Meditation practices, especially mindfulness meditation, have become a popular and novel enhancement to contemporary cognitive behavioral treatments. Encouraging patients to experience the present moment nonjudgmentally and openly can effectively counter the effects of psychological distress (Bishop et al., 2004; Kabat-Zinn, 2003). Mindfulness meditation has been shown to have psychological benefits among diverse populations, including those suffering from the existential challenges of serious disease (Hofmann et al., 2010; Kabat-Zinn, 2003; Grossman, Kappos, Mohr, Gensicke, D’Souza, Penner, & Steiner, 2010; Grossman, Neimann, Schmidt, & Walach, 2004). Cognitive behavioral therapy has usually limited its focus on disorder-related cognitions. Buddhist phenomenology and meditation practices expand the range of investigated subjective mental states to include the full gamut of positive, negative, and neutral experiences manifested in thoughts, moods, emotions, images, and other mental content (Grossman, 2010).
In the Buddhist tradition, LKM and CM have traditionally been combined with other meditation practices—such as multi-sensorial mindfulness--and may well be efficacious techniques when added to existing empirically supported therapies, such as cognitive behavioral treatments. A summary with a typology of meditational practices commonly employed as psychotherapeutic adjuncts is presented in Table 1 (for further discussion, see Hinton, Pich, Nickerson, Hofmann, & Otto, in press). This typology is organized in terms of mindset, defined as a certain attentional object viewed with a certain emotion/attitude (e.g., Bishop et al., 2004; Brown et al., 2007; Grossman et al., 2004; Lau et al., 2006; Lutz et al., 2008; Shapiro et al., 2006; Thera, 1962). The typology suggests treatment implications and provides avenues for future research areas. For instance, using neurophysiological and clinical methods, it might be particularly useful to contrast treatment changes that occur during these meditation techniques as compared to more traditional emotion-regulation strategies, especially in regard to social and affiliative measures (Barraza & Zak, 2009).
Despite obvious applications for clinical psychology, LKM and CM have only recently been studied by clinical researchers. Neuroendocrine studies suggest that CM may reduce stress-induced subjective distress and immune response (Pace et al., 2009; 2010). Moreover, neuroimaging investigations comparing expert and novice meditators indicate that LKM and CM enhance the emotional and somatosensory brain representations of other people’s emotions (Lutz et al., 2008, 2009).
The limited empirical evidence from the intervention literature suggests that elements of LKM and CM can be trained within a relatively short period of time. The study by Hutcherson and colleagues (2008), in fact, suggests that even a 7-minute training in LKM can produce small or moderately strong improvements in positive feelings toward strangers and the self. The LKM training period in the other studies with nonclinical populations consisted of six 60-minute weekly sessions (Fredrickson et al., 2008; Pace et al., 2009, 2010). The LKM exercise itself was only 15–20 minutes in duration (e.g., Fredrickson et al., 2008), although the effects were also modest. In clinical studies, the LKM training consisted of 8 weekly 1-hour sessions to reduce chronic low back pain (Carson et al., 2005), 12 weekly 2-hour sessions for treating anxiety, anger, and mood problems using a modification of CM (Gilbert & Procter, 2006) and 12 1-hour weekly sessions for treating paranoid symptoms in patients with schizophrenia (Mayhew & Gilbert, 2008). Therefore, LKM and CM appear to have a positive effect on psychological functioning even after a relatively short period of training time.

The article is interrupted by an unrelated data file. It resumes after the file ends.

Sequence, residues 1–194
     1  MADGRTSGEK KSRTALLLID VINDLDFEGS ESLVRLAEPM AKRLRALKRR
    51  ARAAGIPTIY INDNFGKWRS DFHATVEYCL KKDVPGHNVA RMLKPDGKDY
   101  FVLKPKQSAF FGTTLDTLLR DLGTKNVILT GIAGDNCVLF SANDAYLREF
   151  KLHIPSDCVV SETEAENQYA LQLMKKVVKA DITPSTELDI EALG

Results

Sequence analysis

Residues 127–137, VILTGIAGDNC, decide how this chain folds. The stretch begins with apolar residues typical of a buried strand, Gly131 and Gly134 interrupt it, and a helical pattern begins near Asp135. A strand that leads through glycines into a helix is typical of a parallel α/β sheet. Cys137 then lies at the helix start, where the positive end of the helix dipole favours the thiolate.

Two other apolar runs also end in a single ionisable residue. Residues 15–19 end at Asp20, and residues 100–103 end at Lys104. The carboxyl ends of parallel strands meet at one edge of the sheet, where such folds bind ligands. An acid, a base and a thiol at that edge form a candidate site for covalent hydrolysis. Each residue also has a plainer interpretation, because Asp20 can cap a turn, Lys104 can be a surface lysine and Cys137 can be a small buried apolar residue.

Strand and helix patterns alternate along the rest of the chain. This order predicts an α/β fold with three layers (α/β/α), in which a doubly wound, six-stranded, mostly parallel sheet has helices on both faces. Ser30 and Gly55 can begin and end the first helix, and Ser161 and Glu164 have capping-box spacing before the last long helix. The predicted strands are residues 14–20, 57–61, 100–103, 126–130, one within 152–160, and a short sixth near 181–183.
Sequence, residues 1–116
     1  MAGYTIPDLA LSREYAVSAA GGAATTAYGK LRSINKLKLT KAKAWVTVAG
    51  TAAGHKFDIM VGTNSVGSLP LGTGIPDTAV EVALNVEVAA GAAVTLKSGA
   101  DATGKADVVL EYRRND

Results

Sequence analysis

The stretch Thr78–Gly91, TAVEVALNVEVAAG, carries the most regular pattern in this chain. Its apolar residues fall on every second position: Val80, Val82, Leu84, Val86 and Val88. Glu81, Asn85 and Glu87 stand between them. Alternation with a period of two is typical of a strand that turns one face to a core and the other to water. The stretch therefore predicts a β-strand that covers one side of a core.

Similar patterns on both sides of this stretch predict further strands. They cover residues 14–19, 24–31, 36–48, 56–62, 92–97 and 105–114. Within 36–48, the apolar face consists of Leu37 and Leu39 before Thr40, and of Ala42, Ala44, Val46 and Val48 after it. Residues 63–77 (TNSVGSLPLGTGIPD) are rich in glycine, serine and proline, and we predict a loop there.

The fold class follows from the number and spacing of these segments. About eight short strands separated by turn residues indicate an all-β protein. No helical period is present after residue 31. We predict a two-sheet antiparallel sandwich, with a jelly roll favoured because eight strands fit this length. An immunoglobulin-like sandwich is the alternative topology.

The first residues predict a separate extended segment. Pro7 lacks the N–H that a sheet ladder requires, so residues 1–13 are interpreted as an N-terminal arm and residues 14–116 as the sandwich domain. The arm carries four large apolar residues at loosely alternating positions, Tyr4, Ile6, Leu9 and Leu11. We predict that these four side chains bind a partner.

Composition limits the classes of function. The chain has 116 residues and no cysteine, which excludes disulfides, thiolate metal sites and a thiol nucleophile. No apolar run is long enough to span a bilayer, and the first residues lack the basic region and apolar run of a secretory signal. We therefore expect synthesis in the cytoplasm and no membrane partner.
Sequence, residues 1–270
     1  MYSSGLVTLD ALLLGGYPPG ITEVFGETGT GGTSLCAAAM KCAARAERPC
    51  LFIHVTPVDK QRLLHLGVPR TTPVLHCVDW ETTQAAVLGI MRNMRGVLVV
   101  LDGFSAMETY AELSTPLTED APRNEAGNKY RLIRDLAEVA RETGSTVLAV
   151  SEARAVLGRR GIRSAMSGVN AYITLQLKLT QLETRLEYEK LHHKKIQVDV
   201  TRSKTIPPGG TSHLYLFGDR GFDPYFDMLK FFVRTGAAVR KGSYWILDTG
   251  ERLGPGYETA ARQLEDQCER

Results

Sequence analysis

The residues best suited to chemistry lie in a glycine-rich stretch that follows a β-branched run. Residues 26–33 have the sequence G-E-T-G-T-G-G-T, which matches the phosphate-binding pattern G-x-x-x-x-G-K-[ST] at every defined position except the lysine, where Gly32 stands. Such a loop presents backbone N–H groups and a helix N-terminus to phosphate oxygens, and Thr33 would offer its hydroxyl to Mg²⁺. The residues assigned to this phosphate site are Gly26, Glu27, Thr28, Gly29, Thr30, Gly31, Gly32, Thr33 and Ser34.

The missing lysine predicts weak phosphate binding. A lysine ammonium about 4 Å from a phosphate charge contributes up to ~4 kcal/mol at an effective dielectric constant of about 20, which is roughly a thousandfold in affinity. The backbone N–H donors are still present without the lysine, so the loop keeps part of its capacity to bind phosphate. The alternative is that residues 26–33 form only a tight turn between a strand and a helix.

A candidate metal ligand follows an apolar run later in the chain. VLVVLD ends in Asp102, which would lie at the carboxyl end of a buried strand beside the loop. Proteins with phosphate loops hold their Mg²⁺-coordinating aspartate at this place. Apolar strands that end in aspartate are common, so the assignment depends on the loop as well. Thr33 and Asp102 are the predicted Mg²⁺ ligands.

It could, nevertheless, be argued that comparisons of studies examining effects of very short-term directing of positive attention with studies of long-term LKM or CM training may not be appropriate because very different mechanisms may be activated by directing LKM for a few minutes to a stranger (Hutcherson et al., 2008) versus a systematic training in which participants spend many hours confronting repeated efforts to send LKM or CM to oneself, loved ones, or even enemies. Examining the effects of these practices in a laboratory by giving brief instructions to novices goes against the very basic Buddhist assumption that these abilities take considerable time and practice to develop (see Grossman, 2010). Therefore, it is quite possible that the training has very different effects when comparing novices with experts who have practiced for decades (as in the studies by Lutz et al., 2008, 2009).
An additional issue relates to the fact that mindfulness meditation is used in the various Buddhist traditions as an important preliminary phase to establish concentration and attention required for LKM and CM (Analayo, 2003; Pandita, 1992; Sheng-Yen, 2001; The Dalai Lama, 2001). When effects upon LKM were examined alone in an intervention trial (Fredrickson et al., 2008), effects upon positive emotions were significant but small, and contrary to major assumptions of Buddhist psychology, there were no treatment benefits upon reduction of negative emotions. This may suggest that CM and LKM techniques require integration with mindfulness practices, and future research in this area is clearly needed.
In sum, existing research studies suggest that LKM and CM are highly promising practices for improving positive affect and for reducing stress and negative affect such as anxiety and mood symptoms. We hypothesize that LKM may be particularly useful for targeting interpersonal problems such as anger control issues, whereas both CM and LKM may be particularly useful for treating relationship problems, such as marital conflicts, or counteracting the challenges among caregiving professions or nonprofessionals who must provide long-term care to a relative or friend. The primary reason for these hypotheses is directly rooted in the Buddhist tradition. The Buddhist tradition conceptualizes metta and karuna as being the two brahma viharas that are incompatible with anger, hatred, envy, and jealousy. And the usefulness of increased compassion for others and oneself should be self-evident in situations of long-term caregiving, whether familial or professional.
Given the small research literature, the empirical evidence is naturally limited. We also noticed a remarkable variation in the techniques that were used, even in this small database. For example, the modified LKM techniques employed in the study by Fredrickson and colleagues (2008) deviated from traditional LKM practices in ways they may have been somewhat inconsistent with the traditional practices (e.g., Buddharakkhita, 1995; Sujiva, 1991). Likewise, Gilbert and Procter (2006) and Mayhew and Gilbert (2008) developed an intervention that combines techniques from many other treatment approaches and encourages patients to cultivate self-compassion, which only vaguely resembles the initial stage of LKM. Furthermore, these findings are very preliminary and have to be evaluated with great caution. Despite these limitations, we believe that LKM and CM offer highly encouraging techniques that can be combined with established cognitive-behavioral treatment strategies.
Dr. Hofmann is a paid consultant by Merck/Schering-Plough and supported by NIMH grant 1R01MH078308 for studies unrelated to the present investigation.
1The term therapy does not here imply that MBT is a treatment for an illness or disability. Instead, MBT teaches individuals to cope with universal aspects of being alive.
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Stefan G. Hofmann, Boston University.
Paul Grossman, University of Basel Hospital.
Devon E. Hinton, Harvard Medical School.